Netanyahu Is Living in La-la Land

After all, there's no such thing as television overseas, so foreign investors, merchants and ordinary citizens simply don’t know what's happening here.

Nehemia Shtrasler
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Prime Minister Benjamin Netanyahu looks on during a press conference on October 8, 2015, at his office in Jerusalem.Credit: AFP
Nehemia Shtrasler

If there’s one sentence Benjamin Netanyahu is particularly fond of, it’s this: There’s no connection between the diplomatic situation and the economic one. There never was. The wave of terror attacks, stabbings, demonstrations and shootings doesn’t affect the level of investment, tourism, consumption and growth.

After all, there’s no such thing as television overseas, so foreign investors, merchants and ordinary citizens simply don’t know what’s happening here. Consequently, the economy isn’t affected. It’s so much fun to live in a Netanyahu-style la-la land.

This week, Knesset members returned after a long recess for the winter session, and in just over a month (on November 19), they will have to approve the state budget for 2015-16. The budget is optimistic. It forecasts a higher growth rate, of 2.9 percent, in 2016, as well as a sizable increase in tax revenues.

Evidently, senior Finance Ministry officials also live in la-la land. Growth will actually be lower, tax revenues will fall rather than rise, and the deficit will be dangerously large, reaching crisis proportions.

About two months ago, a group of business executives met with the prime minister to discuss the state of the economy. The businessmen voiced concern over the low rate of growth and the decline in investments and exports. And this was before the current wave of stabbings began.

Yonatan Bassi, chairman of the Kibbutz Industries Association, told Netanyahu that the kibbutz industries had switched to investing overseas six years ago already, because in Israel, everything is much harder: The bureaucracy sets up obstacles, the Israel Lands Authority causes delays, and any ties with the government are criticized as constituting a corrupt relationship between big business and government. Moreover, the repeated port strikes hurt exporters, and many overseas businessmen say explicitly that they’re afraid to sign contracts with Israeli companies because during the next military operation, when Israel comes under missile attack, the companies won’t be able to supply the goods on time.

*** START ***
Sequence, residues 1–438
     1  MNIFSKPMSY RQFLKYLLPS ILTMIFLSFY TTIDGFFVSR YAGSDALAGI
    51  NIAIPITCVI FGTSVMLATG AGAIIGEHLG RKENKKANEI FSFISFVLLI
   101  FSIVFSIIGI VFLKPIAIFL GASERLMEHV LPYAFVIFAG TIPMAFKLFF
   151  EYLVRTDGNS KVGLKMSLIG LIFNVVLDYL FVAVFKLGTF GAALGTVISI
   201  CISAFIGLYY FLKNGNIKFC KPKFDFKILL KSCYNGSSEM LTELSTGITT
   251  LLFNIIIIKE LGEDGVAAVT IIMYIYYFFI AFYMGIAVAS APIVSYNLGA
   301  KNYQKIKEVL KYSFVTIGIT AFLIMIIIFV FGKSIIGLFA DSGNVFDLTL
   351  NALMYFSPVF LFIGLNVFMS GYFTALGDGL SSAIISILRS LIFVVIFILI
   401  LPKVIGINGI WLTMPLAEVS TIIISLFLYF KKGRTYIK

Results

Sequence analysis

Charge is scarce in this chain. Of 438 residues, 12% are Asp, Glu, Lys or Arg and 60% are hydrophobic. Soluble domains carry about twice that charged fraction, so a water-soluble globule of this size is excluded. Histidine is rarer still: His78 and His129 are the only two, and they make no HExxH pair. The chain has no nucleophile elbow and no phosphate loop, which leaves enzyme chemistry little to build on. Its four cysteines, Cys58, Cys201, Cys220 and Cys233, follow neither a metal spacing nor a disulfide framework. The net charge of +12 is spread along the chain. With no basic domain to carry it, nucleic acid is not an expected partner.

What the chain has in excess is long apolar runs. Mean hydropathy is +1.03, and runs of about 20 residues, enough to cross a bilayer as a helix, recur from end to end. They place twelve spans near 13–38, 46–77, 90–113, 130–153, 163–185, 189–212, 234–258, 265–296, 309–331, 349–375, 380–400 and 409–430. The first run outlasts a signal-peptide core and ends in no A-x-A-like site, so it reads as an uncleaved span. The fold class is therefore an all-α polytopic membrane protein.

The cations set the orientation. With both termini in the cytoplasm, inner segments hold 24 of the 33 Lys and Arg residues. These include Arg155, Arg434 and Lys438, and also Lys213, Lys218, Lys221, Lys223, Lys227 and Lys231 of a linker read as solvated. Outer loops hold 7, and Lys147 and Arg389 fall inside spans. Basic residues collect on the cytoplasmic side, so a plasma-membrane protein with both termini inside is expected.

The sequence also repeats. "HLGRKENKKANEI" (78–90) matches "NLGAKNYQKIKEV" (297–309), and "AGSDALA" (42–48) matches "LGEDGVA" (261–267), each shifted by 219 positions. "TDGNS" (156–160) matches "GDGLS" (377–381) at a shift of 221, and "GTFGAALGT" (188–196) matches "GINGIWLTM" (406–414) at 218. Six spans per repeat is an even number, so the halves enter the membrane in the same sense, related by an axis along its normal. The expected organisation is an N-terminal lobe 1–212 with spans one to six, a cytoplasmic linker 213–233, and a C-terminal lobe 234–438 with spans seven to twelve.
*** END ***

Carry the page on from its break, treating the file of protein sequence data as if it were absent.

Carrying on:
Bassi added that the tax burden is one of the most important variables in deciding where to invest, and with the high taxes like Israel has, investors will seek other, more profitable, locales.

And indeed, an analysis of Israeli tax policy reveals that 2012 marked a turn for the worse. Netanyahu converted to a different economic faith and began raising taxes. Growth responded immediately, falling from a fast clip of 5 percent a year to the current rate of just 2.6 percent, one of the lowest in Israeli history.

But the lack of desire to invest in Israel, the boycotts of Israeli goods and the high taxes aren’t the only reasons for the slowdown. There are other reasons as well: a decline in the growth rate of the labor force, a drop in demand for Israeli high-tech due to the slowdown in Silicon Valley, a steep decline in tourism since the war in Gaza in summer 2014, a decrease in private consumption, a rise in government spending that pushes the private sector out of the market, an atmosphere of hostility against businessmen, excessive regulation, failure to carry out reforms, and the inability to finally start extracting natural gas from the Mediterranean seabed.

And if, to all these, we add the escalating wave of stabbing attacks, the picture becomes even grimmer. The few economic delegations that were still coming will stop coming, Israel’s international isolation will worsen, the wave of boycotts against Israeli exports will expand, investments will fall, tourists will stay away, and even Israelis will stay home instead of going shopping or eating out. And that is liable to move us from a mere slowdown into a genuine recession.

But none of this makes any impression on Netanyahu. After all, he knows there’s no connection between the diplomatic situation and the economic one. And if such a connection nevertheless exists, then even so, he isn’t responsible for the wave of stabbings. Other people are to blame: the inciters, the Arabs, the leftists, the Europeans and the Obamas.

In fact, the entire world – except for him.